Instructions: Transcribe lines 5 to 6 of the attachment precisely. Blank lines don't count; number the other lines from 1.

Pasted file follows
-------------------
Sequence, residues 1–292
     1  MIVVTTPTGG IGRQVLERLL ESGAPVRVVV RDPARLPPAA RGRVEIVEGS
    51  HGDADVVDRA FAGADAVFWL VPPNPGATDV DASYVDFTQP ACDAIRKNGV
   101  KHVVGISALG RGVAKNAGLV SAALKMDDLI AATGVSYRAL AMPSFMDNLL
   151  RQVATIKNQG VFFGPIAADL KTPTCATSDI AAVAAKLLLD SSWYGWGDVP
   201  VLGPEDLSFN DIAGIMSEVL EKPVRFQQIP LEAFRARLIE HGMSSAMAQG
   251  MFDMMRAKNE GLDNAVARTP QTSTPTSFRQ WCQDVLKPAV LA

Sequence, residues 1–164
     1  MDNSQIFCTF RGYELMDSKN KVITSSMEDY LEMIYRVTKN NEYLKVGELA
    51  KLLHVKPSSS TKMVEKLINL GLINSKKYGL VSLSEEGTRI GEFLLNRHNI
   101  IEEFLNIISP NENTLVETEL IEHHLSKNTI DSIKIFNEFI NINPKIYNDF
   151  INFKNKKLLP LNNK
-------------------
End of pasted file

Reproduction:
   151  RQVATIKNQG VFFGPIAADL KTPTCATSDI AAVAAKLLLD SSWYGWGDVP
   201  VLGPEDLSFN DIAGIMSEVL EKPVRFQQIP LEAFRARLIE HGMSSAMAQG